McCarthy was signed by West Ham for an undisclosed fee on deadline day of the 2010 January transfer window from Blackburn Rovers. He signed a two and a half-year contract that was due to run until the summer of 2012. He made his Premier League debut for West Ham against Burnley at Turf Moor in a 2–1 defeat on 6 February 2010, where he sustained an injury which would keep him out for six weeks.
In February 2011, having played just 326 minutes of football, making only three starts and failing to score any goals for West Ham, McCarthy was omitted from West Ham’s 25-man squad for the remainder of the 2010–11 season. He was also offered a £1million pay-off in exchange for terminating his contract prematurely.
In April 2011, McCarthy left West Ham by mutual agreement after the parties agreed to a £1.5million pay-off to terminate his contract. He made only two Premier League starts and fourteen appearances in all competitions scoring no goals.
In a nutshell, he picked up an injury in his debut that would keep him out for up to six weeks. He came back extremely unfit and only went on to play another 13 games for West Ham. Awful!
He was always going to be somewhere in this list, the question was only where? Just because of the sheer peculiarity of this special case in the history top flight British signings warrants his place here.
Beauchamp was sold to Premier League side West Ham United in 1994 for a then club-record (sales) fee of £1.2 million from his boyhood club Oxford United. However, he didn’t last long; having not played a single competitive game for the Hammers, Beauchamp decided he couldn’t stand the traffic travelling from Oxford each day, and a mere 58 days later he was signed by Swindon for a club-record combined fee of £800,000, which included defender Adrian Whitbread going in the opposite direction. Whitbread was valued at £750,000 in the deal.
3. KIERON DYER
Coming to the real celebrity in this list, PUN INTENDED, Dyer completed a move to West Ham on 16 August 2007 for £6 million, signing a four-year deal. He made his debut for West Ham in the 1–0 away win at Birmingham City on 18 August 2007. However, this has been one of the few positives in Dyer’s time at West Ham as he has since been blighted by injury.
Just ten days after his debut, he was stretchered off after a tackle by Joe Jacobson in a League Cup match against Bristol Rovers that resulted in his right leg being broken in two places. Dyer subsequently missed the rest of the 2007–08 season. His injury was re-assessed in August 2008, when it was decided that a six-week specialist rehabilitation programme was required before he began pre-season training.
During this time, Dyer’s slow recovery from his injury sparked widespread speculation that his career may be over.
On 3 January 2009, Dyer made his comeback for West Ham after 17 months out, coming on as a second-half substitute against Barnsley in the FA Cup third round tie at the Boleyn Ground. Dyer’s injuries continued in May 2009 when he was ruled out with a hamstring injury. He played in West Ham’s first match of the 2009–10 season against Wolverhampton Wanderers, but had problems with injuries after the match. He managed only one more match, away to Blackburn Rovers, before hamstring problems hit again. He returned for two further matches before another injury in September kept him out until returning in a reserve match against Stoke City in November when he scored two goals.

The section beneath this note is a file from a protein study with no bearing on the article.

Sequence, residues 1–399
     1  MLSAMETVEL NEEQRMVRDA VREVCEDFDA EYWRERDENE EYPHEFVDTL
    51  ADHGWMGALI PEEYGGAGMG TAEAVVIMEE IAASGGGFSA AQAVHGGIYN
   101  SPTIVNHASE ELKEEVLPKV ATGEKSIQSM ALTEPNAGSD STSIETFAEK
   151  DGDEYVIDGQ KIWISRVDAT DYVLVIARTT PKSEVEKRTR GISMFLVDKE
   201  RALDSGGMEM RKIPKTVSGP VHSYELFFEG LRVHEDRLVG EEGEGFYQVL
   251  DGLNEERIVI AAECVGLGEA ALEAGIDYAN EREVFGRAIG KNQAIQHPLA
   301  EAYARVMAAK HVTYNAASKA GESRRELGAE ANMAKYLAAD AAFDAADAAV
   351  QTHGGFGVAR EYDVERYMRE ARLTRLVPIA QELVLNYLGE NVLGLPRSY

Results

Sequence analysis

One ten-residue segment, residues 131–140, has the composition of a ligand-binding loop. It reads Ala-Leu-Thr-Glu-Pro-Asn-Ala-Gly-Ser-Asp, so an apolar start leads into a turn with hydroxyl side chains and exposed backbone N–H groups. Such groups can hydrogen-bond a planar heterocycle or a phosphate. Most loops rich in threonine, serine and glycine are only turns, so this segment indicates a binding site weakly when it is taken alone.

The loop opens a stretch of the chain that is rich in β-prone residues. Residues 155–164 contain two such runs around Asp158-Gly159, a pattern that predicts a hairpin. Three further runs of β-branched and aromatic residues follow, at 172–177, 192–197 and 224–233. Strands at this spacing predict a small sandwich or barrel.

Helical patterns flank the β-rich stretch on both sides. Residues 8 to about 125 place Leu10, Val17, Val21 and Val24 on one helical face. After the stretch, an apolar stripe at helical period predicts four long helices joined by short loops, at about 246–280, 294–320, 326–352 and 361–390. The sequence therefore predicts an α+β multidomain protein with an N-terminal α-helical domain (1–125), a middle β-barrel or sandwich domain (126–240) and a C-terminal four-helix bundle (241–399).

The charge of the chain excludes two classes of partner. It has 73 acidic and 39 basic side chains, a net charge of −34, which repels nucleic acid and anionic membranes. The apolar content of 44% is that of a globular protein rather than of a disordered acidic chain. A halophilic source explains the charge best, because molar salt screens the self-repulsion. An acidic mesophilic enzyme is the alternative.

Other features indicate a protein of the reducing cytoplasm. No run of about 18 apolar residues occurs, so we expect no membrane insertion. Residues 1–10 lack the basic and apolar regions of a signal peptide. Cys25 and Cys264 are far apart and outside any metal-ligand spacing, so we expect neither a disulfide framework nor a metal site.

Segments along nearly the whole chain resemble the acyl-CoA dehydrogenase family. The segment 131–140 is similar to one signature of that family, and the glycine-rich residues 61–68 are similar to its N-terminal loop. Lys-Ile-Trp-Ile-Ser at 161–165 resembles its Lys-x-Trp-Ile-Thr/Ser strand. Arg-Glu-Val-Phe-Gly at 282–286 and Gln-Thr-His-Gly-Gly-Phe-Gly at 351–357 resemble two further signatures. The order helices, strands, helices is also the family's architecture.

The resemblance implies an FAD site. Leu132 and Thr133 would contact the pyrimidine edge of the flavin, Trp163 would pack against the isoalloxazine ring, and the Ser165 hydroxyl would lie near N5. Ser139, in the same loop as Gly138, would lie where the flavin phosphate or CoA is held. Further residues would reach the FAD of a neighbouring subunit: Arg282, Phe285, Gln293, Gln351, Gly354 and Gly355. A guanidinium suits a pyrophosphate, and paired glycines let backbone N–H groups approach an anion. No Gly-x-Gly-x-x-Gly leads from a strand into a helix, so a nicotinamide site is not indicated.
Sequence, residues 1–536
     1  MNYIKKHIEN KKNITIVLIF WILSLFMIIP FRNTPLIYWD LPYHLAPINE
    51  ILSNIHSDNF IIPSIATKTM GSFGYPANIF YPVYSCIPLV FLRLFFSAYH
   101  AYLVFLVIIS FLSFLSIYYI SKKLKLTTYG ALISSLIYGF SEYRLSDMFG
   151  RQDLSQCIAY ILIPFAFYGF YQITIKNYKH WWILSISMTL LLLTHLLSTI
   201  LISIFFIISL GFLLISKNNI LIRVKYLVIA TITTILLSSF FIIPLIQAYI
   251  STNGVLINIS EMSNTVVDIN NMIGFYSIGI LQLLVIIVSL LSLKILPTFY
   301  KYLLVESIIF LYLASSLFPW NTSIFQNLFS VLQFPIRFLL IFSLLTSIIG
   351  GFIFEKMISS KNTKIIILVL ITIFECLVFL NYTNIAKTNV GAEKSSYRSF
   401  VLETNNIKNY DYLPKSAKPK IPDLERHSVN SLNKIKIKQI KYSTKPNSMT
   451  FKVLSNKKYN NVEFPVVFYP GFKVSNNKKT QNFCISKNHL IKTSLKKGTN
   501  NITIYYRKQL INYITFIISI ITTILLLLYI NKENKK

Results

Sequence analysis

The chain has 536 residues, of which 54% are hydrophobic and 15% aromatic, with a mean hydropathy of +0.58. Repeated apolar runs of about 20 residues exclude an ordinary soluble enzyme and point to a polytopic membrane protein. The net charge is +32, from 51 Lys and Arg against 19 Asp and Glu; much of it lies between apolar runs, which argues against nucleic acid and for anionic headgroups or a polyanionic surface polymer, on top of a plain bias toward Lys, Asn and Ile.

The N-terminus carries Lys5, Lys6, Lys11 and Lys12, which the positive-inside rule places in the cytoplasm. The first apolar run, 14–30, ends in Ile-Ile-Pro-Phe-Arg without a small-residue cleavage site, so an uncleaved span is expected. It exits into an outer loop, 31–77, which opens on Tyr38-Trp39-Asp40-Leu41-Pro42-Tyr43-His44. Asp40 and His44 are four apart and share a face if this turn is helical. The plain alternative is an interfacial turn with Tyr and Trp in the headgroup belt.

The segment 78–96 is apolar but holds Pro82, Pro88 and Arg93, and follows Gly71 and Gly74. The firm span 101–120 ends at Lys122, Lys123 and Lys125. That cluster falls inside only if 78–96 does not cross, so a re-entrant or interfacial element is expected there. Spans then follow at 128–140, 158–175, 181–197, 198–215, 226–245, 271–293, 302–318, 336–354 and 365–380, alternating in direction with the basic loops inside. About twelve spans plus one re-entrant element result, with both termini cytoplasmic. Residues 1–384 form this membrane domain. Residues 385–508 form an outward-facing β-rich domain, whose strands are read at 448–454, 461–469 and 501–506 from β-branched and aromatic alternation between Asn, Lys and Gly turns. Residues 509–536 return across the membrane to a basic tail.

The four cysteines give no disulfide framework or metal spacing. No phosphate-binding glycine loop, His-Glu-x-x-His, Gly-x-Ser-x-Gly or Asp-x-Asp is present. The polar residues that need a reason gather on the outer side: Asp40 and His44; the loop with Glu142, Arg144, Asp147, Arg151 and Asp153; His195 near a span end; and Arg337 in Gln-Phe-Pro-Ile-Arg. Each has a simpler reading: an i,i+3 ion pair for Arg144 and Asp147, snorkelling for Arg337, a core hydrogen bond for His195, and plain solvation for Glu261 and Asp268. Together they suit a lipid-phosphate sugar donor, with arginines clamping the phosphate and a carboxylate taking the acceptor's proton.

After taking over West Ham in January 2010, David Sullivan revealed the full extent of the club’s debts, which totalled £110 million. Shortly afterwards, in addition to the swingeing cuts being made by vice-chairman Karren Brady, Sullivan suggested that Dyer should follow Dean Ashton into retirement; Sullivan expressed the club’s frustration that Dyer, who was earning £60,000 per week, had only played 18 matches in three years. Ipswich town had expressed an interest in re-signing Dyer, but the move stalled amid reports Dyer had demanded a £1 million pay-off from West Ham; the media had also speculated about whether Dyer could actually pass a medical.
In May 2010, figures in The Daily Telegraph stated that Dyer, who had made only 22 appearances and had never played a full 90 minutes for West Ham, was the club’s top earner on £83,000-a-week. His deal included £424,000-a-season for image rights and £100,000 in loyalty fees. Dyer was released by West Ham at the end of the 2010–11 season, after costing the club around £450,000 for every match he played in.
”Wait let me sum it up, I have to say I was shocked when I saw he made 30 appearances for the club. Mind you, it doesn’t say how many minutes each appearance was”! Chairman David Gold once said that Dyer cost the club £6million and by the time he left, had cost the club £10million in wages. Outrageous!
Before I move onto the top 2 here are a few honourable or in this case dishonourable mentions :
Savio Nsereko, Titi Camara, Rigobert Song, Javier Mascherano, Florin Raducioiu, Roger Johnson, Razvan Rat, Dani, Alou Diarra, Emmanuel Pogatetz Marouane Chamakh, Matthew Upson, Robbie Keane, Nigel QuashieGary, Charles, Mido and lastly Rebrov and Suker.
All of them are equally deserving to be on this list, some of them have even more appalling stats than the ones featured in this list but they didn’t come with as much of a hefty fee or the amount of expectation that these gentlemen have. In plain words they just aren’t gossip worthy article material. The players featured here are remembered by the fans for all the wrong reasons whereas these folks aren’t even that. Except only Mascherano, but I have dedicated a few words to that infamous transfer deal already.